Accounts Receivable Goal Setting

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With the holidays almost over and the New Year right around the corner, Goal Setting is at the forefront of everyone’s mind.  If you haven’t already documented 2013’s goals, it’s probably time to get started. With the economy still unsteady, it’s more important than ever that accounts receivable goals are targeted and timely. The grandpa […]

With the holidays almost over and the New Year right around the corner, Goal Setting is at the forefront of everyone’s mind.  If you haven’t already documented 2013’s goals, it’s probably time to get started. With the economy still unsteady, it’s more important than ever that accounts receivable goals are targeted and timely.

The grandpa of all receivables performance metrics is days sales outstanding (DSO). Though DSO is the primary measurement used by most companies, the basic calculation of DSO leads to fundamental flaws in its accuracy as spikes in sales volume, drives down DSO and off-season lows make DSO look out of control.  Since we can’t ignore grandpa in his rocking chair, Robert Sherman and I will focus on how to make the calculation more meaningful in a future blog post. However, for the purposes of this article, we will turn away from DSO and look at a two other controllable measurements for AR goal setting.

Percentage of currency, or the portion of the receivable considered current, is probably the single most important goal one can have. If 92% of the portfolio is current, chances are regardless of sales peaks and valleys, the DSO will be favorable.  If you have a portfolio running at 60% currency, chances are good that the DSO is high and you have aging receivables not turning into cash.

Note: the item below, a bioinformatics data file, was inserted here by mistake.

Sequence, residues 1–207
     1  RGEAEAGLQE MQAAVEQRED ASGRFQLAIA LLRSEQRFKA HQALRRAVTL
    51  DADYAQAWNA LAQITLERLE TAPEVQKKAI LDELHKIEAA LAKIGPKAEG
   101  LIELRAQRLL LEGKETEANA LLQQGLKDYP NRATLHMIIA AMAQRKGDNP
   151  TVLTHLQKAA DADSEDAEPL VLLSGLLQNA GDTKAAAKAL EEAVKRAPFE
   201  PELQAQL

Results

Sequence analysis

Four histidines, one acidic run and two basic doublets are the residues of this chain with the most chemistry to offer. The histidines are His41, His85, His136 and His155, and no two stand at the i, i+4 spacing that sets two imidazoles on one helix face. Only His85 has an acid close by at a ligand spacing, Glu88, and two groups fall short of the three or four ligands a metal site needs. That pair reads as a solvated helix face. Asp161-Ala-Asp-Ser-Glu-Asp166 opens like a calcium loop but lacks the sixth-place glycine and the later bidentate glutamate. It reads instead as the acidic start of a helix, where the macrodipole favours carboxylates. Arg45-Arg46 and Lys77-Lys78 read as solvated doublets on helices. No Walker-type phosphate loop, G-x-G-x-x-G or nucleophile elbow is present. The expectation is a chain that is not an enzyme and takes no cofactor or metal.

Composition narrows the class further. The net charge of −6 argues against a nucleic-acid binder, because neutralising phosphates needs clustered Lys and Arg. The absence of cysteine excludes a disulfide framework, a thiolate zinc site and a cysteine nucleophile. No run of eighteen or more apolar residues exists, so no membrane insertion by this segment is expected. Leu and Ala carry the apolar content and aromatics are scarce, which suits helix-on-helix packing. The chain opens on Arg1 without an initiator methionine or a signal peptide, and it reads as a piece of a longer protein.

For projects Capgemini manages, we consider the historical averages of portfolio performance. Factor in seasonal flux or growth through acquisition and you come up with a baseline performance target.  From there, it’s easy to adjust up or down depending on the overall growth and performance of your business.

The second target I would set is for productivity.  In my post from Sept 24, “The Answer is Productivity!” for every employee with low production, there is another employee at the opposite end of the spectrum that has to pick up the slack. Not enough phone calls to customers, equates directly to cash collected. A good time study works well here.

I would start with a sampling of customers across a few different collectors. Determine how long the average call takes, then use that calculation to determine how many outbound calls a collector can make in an 8 hour period.  Not only does this become your daily productivity target, but it also provides you with a way to hold your employees accountable.

While DSO as an AR measurement can’t be ignored, using other AR metrics to augment the focus can help reduce DSO and increase overall AR Performance, pleasing both grandpa and the grandkids alike.

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